3.1.11

Mutuality

“You know what I am talking about,” Mack was a little frustrated. “I am talking about who’s in charge. Don’t you have a chain of command?”

“Chain of command? That sounds ghastly,” Jesus said.

“At least binding,” Papa added as they both started laughing, and then Papa turned to Mack and sang, “Though chains be of gold, they are chains all the same.”

“Now don’t concern yourself with those two,” Sarayu interrupted, reaching out her hand to comfort and calm him. “They’re just playing with you. This is actually a subject of interest among us.”

Mack nodded, relieved and a little chagrined that he had again allowed himself to lose his composure.

“Mackenzie, we have no concept of final authority among us, only unity. We are a circle of relationship, not a chain of command or ‘great chain of being’ as your ancestors termed it. What you’re seeing here is relationship without any overlay of power. We don’t need power over the other because we are always looking out for the best. Hierarchy would make no sense among us. Actually, this is your problem, not ours.”

“Really? How so?”

“Humans are so lost and damaged that to you it is almost incomprehensible that people could work or live together without someone being in charge.”

“But every human institution that I can think of, from political to business, even down to marriage, is governed by this kind of thinking: it is the web of our social fabric,” Mack asserted.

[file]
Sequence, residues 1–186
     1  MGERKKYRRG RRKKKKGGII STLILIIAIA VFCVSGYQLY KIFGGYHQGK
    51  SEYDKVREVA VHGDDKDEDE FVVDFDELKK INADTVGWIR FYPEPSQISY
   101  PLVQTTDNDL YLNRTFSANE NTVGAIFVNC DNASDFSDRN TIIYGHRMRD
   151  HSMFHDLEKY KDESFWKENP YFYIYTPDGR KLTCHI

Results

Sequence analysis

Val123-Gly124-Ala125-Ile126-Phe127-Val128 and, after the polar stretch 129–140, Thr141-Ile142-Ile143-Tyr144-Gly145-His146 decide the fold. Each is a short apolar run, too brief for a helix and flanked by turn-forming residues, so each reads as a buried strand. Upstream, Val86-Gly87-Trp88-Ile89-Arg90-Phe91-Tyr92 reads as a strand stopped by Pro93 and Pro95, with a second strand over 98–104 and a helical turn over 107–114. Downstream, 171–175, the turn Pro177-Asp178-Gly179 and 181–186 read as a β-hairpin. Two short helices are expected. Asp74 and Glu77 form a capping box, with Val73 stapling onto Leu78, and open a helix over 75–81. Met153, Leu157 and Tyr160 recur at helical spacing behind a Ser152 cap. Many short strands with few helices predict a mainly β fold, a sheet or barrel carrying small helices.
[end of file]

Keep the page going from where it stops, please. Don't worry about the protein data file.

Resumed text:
“Such a waste!” said Papa, picking up the empty dish and heading for the kitchen.

“It’s one reason why experiencing true relationship is so difficult for you,” Jesus added.

“Once you have a hierarchy you need rules to protect and administer it, and then you need law and the enforcement of rules, and you end up with some kind of chain of command or a system of order that destroys relationship rather than promotes it. You rarely see or experience relationship apart from power. Hierarchy imposes laws and rules and you end up missing the wonder of relationship that we intended for you.”

“Well,” said Mack sarcastically, sitting back in his chair.” We sure seem to have adapted pretty well to it.”

Sarayu was quick to reply, “Don’t confuse adaptation for intention, or seduction for reality.”

(Young, William P., The Shack, Los Angeles:windblown, 2007.)

1 comment:

David Ould said...

well of course, if you insist that every expression of hierarchy must contain oppression that negates relationship then this might be true.

But that claim is simply not true. Young doesn't get it and he's ended up writing a book which seeks to deny pretty much every Trinitarian doctrine of the Ante-Nicene church.

But it feels good.

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